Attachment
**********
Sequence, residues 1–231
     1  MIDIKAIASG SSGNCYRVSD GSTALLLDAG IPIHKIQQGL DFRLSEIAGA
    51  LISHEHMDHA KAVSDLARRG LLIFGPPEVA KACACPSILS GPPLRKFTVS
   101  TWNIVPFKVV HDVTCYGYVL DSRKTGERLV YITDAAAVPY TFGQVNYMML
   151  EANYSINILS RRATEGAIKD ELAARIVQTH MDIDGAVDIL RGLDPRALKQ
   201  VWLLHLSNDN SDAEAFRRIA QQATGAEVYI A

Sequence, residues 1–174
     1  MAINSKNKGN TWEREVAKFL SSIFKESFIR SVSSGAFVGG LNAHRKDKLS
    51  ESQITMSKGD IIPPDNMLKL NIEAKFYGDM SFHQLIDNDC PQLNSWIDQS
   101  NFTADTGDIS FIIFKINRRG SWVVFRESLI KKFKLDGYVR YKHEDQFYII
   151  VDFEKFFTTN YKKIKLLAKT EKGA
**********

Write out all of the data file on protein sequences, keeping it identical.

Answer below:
Sequence, residues 1–231
     1  MIDIKAIASG SSGNCYRVSD GSTALLLDAG IPIHKIQQGL DFRLSEIAGA
    51  LISHEHMDHA KAVSDLARRG LLIFGPPEVA KACACPSILS GPPLRKFTVS
   101  TWNIVPFKVV HDVTCYGYVL DSRKTGERLV YITDAAAVPY TFGQVNYMML
   151  EANYSINILS RRATEGAIKD ELAARIVQTH MDIDGAVDIL RGLDPRALKQ
   201  VWLLHLSNDN SDAEAFRRIA QQATGAEVYI A

Sequence, residues 1–174
     1  MAINSKNKGN TWEREVAKFL SSIFKESFIR SVSSGAFVGG LNAHRKDKLS
    51  ESQITMSKGD IIPPDNMLKL NIEAKFYGDM SFHQLIDNDC PQLNSWIDQS
   101  NFTADTGDIS FIIFKINRRG SWVVFRESLI KKFKLDGYVR YKHEDQFYII
   151  VDFEKFFTTN YKKIKLLAKT EKGA